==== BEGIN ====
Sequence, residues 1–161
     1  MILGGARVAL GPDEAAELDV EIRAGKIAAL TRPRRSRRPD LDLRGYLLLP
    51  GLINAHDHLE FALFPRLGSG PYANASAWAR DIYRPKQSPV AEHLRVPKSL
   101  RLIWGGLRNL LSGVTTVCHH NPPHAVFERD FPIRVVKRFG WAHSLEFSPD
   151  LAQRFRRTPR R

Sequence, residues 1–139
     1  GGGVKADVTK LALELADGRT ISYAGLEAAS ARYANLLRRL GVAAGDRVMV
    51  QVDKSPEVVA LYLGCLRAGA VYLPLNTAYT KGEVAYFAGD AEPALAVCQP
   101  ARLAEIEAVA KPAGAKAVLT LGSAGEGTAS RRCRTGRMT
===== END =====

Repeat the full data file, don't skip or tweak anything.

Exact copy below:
Sequence, residues 1–161
     1  MILGGARVAL GPDEAAELDV EIRAGKIAAL TRPRRSRRPD LDLRGYLLLP
    51  GLINAHDHLE FALFPRLGSG PYANASAWAR DIYRPKQSPV AEHLRVPKSL
   101  RLIWGGLRNL LSGVTTVCHH NPPHAVFERD FPIRVVKRFG WAHSLEFSPD
   151  LAQRFRRTPR R

Sequence, residues 1–139
     1  GGGVKADVTK LALELADGRT ISYAGLEAAS ARYANLLRRL GVAAGDRVMV
    51  QVDKSPEVVA LYLGCLRAGA VYLPLNTAYT KGEVAYFAGD AEPALAVCQP
   101  ARLAEIEAVA KPAGAKAVLT LGSAGEGTAS RRCRTGRMT